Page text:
The downside of football: brain damage
We are just coming off a big holiday football weekend with more to come next weekend: the bowl games. Some football players win and some lose; however, win, lose, or draw, some players suffer irreparable brain damage from the sport. For example, sports-related concussions have been estimated to be between 1.6 million to 3.8 million players each year in the United States. Many of these athletes are high school, college, or professional football players. Many players chalk it up to an acceptable risk of an activity that can provide one with millions of dollars of revenue. Others express concern, while other players who have suffered brain damage as a result of the sport have filed lawsuits against the National Football League (NFL).
Athletes who play football at any level are risking their brains to permanent damage that may render them vegetables for their rest of their lives with even after suffering just a single concussion. In many cases, a period of disorientation follows a concussion with return in a matter of hours or days to a normal state; however, permanent brain damage may set in at a later date.
According to a recent study by UCLA researchers, a link exists between traumatic brain injury and Parkinson’s disease (PD), a neurodegenerative disorder that affects roughly 1-2% of the population over the age of 65. On August 19, the UCLA researchers published their findings online in the journal Neuroscience. They found that a moderate traumatic brain injury in rats caused a 15% loss in the brain cells known as nigrostriatal dopaminergic neurons shortly after the trauma, and that this loss continued to progress to a 30% loss 26 weeks after the initial injury. The loss of these neurons can result in the neurologic symptoms observed in PD, including akinesia (problems with movement), postural tremor, and rigidity. Furthermore, when combined with a second known risk factor for Parkinson's, the pesticide paraquat, the loss of dopaminergic neurons doubled to 30% much faster.
Jamal Lewis, Dorsey Levens, and two other former NFL players have sued the league over brain injuries that they say left them struggling with medical problems years after they hung up their helmets and jerseys for the last time. Last week, Lewis and Levens, as well as Fulton Kuykendall and Ryan Stewart, filed the lawsuit against the NFL and FNL Properties LLC in U.S. District Court in Atlanta. The players alleged that the NFL knew as early as the 1920s of the potential for concussions to harm its players; however, the league only went public last year.” In addition, a group of top former NFL players argue in the lawsuit that “the NFL has done everything in its power to hide the issue and mislead players concerning the risks associated with concussions." The lawsuit notes: ''While athletes in other professional sports who had suffered concussions were being effectively `shut down' for long periods of time or full seasons, NFL protocol was to return players who had suffered concussions to the very game in which the injury occurred,'' the lawsuit states. In addition, a court document noted that the NFL concealed the dangers from coaches, trainers, players and the public until June 2010, when it publicly acknowledged the health threats and warned players and teams.” According to the UCLA study, following a concussion, the brain is more susceptible to further injury with another insult.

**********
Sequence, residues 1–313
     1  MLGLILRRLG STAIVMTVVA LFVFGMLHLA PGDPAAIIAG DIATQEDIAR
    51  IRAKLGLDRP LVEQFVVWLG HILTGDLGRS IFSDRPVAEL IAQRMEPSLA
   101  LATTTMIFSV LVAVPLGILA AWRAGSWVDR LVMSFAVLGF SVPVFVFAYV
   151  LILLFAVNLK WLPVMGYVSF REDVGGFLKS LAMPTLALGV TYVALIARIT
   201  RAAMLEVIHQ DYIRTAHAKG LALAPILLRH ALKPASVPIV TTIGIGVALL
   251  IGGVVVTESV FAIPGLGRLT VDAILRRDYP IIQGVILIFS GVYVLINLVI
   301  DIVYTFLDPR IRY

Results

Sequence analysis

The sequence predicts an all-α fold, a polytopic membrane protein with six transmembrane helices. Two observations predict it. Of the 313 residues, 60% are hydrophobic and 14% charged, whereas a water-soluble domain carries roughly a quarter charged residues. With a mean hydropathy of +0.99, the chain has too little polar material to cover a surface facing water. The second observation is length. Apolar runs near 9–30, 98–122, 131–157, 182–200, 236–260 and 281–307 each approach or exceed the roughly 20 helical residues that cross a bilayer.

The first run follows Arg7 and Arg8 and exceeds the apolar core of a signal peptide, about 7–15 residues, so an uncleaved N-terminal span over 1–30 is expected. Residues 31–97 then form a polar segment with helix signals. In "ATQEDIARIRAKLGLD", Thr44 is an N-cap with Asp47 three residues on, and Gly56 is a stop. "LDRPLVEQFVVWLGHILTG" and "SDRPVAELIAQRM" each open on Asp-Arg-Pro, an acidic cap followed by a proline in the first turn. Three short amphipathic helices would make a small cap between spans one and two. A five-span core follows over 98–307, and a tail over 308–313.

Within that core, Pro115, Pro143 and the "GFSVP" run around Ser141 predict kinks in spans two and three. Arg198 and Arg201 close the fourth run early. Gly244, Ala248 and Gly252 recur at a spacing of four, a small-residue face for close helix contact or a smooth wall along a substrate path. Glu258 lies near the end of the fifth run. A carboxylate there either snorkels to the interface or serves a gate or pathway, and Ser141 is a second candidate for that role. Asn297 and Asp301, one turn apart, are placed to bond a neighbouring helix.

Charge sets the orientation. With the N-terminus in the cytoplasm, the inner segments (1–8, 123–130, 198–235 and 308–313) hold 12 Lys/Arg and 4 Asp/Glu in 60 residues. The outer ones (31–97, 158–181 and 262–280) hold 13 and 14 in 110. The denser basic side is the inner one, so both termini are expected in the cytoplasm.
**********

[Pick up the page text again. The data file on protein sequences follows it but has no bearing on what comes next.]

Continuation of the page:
Most fans fully aware that there will always be concussions in the game of football; however, most parents of players, who participate in Pop Warner leagues, in high school, in college, and even in the NFL “don’t understand the effects of concussions are cumulative, and their sons will never heal one hundred percent,” states a new bestseller “The Concussion Crisis: Anatomy of a Silent Epidemic.” The book explains that during any competitive game of football “there is brain seizures after impact creating lasting neurodegerative disease.” The book author’s Linda Carroll and David Rosner wrote: “It’s becoming increasing clear that concussions, like severe head traumas, can rob players of their memory, their mental abilities and very sense of self.”
Jacksonville Jaguars running back Maurice Jones-Drew was asked whether he would try to play through a concussion or pull himself from a game. He replied, "Hide it." He explained, "The bottom line is: You have to be able to put food on the table. No one's going to sign or want a guy who can't stay healthy. I know there will be a day when I'm going to have trouble walking. I realize that. But this is what I signed up for. Injuries are part of the game. If you don't want to get hit, then you shouldn't be playing."